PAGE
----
A Special Letter from WRI Interim President Manish Bapna
Development of shale gas resources has sparked a fierce debate in the United States. Extraction of natural gas from shale via hydraulic fracturing, commonly known as fracking, has opened broad areas of the country to extensive development for natural gas production. This has brought new economic opportunities while raising serious environmental concerns at the same time.
Proponents call it an abundant, clean energy source that will reignite the economy. Opponents see it as little more than another dangerous fossil fuel, whose development is capable of poisoning our drinking water. Regardless of where you sit on the issue, the fact is that shale gas is fundamentally changing our energy future.
At WRI, we don’t shy away from contentious issues. By supporting WRI , you enable us to initiate new projects and respond quickly to emerging issues, like shale gas.
Many organizations are focusing now on the local impacts to water, human health, and habitat brought about by fracking, and we support their efforts wholeheartedly. Given our strengths and expertise, we believe WRI’s best role is to focus on climate and energy policy issues, asking tough questions, bringing all sides to the table, and creating strategies that link global economic recovery and energy development with environmental protection and the reduction of greenhouse gas (GHG) emissions.
It’s the type of challenge where WRI’s reputation for solid analysis and for finding collaborative solutions can make a real difference.
Energy companies often call shale gas a clean fuel because burning it releases less carbon dioxide into the atmosphere than burning coal does. But, this is only part of the equation. There are, for example, emissions from methane (a gas that aggravates global warming) associated with shale gas development that need to be accounted for. There are emissions too from the generation of energy required in the processing phase and from the fuel used in mining and disposal of waste.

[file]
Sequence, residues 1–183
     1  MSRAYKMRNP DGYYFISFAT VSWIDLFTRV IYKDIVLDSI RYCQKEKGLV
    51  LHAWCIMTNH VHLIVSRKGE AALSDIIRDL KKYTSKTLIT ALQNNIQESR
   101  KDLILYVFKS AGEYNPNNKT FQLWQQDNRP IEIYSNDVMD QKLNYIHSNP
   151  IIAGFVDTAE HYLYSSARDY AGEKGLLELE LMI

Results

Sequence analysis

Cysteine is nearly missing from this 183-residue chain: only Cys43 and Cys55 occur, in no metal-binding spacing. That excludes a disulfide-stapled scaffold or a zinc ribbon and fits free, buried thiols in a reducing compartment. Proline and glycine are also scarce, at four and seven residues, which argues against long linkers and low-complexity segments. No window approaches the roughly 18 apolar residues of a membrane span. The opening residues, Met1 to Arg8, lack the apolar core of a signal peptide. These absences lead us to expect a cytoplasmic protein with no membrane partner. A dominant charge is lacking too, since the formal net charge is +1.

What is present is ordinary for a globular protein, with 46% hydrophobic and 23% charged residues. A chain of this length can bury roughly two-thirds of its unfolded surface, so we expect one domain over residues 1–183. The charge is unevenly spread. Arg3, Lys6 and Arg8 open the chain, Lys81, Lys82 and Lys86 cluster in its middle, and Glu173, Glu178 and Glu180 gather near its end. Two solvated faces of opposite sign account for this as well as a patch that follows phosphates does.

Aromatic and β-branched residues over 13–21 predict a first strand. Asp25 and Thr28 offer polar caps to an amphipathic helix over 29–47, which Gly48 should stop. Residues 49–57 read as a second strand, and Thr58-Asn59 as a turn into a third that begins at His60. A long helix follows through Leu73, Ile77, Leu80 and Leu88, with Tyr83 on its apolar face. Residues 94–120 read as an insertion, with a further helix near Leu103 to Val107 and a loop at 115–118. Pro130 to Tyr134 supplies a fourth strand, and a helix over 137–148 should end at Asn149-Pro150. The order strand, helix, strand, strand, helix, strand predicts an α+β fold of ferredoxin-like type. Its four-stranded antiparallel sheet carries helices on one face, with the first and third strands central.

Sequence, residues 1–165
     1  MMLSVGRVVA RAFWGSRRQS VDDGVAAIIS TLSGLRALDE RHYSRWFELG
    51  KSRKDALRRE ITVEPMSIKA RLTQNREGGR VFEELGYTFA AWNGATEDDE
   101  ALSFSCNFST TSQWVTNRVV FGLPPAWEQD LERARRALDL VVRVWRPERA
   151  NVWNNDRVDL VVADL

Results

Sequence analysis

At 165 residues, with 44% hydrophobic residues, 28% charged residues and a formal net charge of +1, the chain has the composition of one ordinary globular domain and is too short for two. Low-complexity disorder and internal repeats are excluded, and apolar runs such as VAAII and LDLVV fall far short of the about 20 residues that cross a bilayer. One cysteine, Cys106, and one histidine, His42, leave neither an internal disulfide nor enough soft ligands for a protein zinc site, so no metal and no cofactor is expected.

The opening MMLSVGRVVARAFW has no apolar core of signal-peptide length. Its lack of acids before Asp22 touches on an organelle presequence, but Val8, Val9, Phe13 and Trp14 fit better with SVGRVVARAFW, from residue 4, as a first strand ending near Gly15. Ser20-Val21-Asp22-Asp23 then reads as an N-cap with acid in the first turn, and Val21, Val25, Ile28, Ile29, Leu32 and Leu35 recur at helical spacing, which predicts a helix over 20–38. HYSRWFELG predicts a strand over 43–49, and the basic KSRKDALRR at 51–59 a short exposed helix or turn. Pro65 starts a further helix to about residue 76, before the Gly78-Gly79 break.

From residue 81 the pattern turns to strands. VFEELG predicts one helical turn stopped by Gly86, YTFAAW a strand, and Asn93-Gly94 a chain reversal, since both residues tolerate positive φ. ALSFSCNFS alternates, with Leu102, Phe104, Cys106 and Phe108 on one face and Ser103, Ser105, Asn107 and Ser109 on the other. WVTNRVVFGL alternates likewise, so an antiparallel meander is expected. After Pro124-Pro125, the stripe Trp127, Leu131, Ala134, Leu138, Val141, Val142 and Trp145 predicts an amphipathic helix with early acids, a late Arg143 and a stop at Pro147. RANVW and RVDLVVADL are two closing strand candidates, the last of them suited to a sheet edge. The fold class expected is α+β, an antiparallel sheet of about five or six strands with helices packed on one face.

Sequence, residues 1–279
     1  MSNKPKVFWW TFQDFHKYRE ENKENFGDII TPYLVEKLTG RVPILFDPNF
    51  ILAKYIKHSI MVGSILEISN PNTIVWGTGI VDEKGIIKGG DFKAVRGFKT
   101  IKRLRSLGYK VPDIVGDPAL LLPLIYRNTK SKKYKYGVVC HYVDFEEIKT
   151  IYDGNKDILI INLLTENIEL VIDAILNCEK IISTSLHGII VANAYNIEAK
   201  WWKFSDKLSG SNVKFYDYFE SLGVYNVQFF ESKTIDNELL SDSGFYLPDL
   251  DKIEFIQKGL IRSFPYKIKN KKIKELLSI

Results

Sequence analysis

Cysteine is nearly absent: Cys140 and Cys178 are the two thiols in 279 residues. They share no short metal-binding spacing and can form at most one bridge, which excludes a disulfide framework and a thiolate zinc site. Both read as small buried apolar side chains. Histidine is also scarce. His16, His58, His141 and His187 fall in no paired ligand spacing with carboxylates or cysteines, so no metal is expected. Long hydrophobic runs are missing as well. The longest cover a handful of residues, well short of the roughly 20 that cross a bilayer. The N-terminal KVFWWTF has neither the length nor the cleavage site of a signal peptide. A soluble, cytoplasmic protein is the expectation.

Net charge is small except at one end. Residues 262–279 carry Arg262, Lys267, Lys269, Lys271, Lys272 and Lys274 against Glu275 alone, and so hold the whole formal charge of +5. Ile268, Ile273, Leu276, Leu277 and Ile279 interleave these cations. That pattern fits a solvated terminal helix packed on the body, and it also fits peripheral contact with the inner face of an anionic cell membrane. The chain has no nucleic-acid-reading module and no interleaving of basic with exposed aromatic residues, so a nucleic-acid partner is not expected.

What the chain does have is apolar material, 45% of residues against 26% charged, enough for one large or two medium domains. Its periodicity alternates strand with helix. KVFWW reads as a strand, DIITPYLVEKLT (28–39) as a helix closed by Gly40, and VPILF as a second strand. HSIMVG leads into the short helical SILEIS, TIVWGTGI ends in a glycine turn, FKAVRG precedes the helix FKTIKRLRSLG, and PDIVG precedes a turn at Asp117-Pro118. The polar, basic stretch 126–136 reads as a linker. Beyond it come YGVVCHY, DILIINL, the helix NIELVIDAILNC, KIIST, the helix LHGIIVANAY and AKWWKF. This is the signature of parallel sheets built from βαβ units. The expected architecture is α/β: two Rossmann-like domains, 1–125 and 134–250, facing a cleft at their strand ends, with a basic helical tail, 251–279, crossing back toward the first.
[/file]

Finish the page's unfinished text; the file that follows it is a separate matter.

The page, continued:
In an effort to inform public policy and dispel the confusion and competing claims, WRI will conduct independent analysis to quantify the full range of greenhouse gas emissions across the entire shale gas development lifecycle. In doing so, we will not only provide reliable data, but also identify points in the shale gas supply chain where we can help find solutions to minimize emissions through the application of best practices and regulatory approaches.
The second phase of our work will analyze the role that natural gas, and the increased use of shale gas in particular, will play in U.S. and global energy markets in the coming decades. We will work with our industry and environmental partners to build the case for policies and investment strategies that maximize the value added of natural gas as part of a transition to a low-carbon economy without postponing or sacrificing the development of solar and wind energy. This will provide a strategic opportunity to engage policymakers on the long-term role for natural gas in the U.S. and world energy future, integrating climate change considerations into economic development and energy policy.
Shale gas has the potential to provide clear economic opportunities and energy security benefits if developed in the right way. That’s a big if, and we need your support  to help make sure our environment is protected as the country explores this natural resource.
As you consider your year-end giving, please consider a gift to WRI. The great shale gas race is on, and time is of the essence.
Manish Bapna Interim President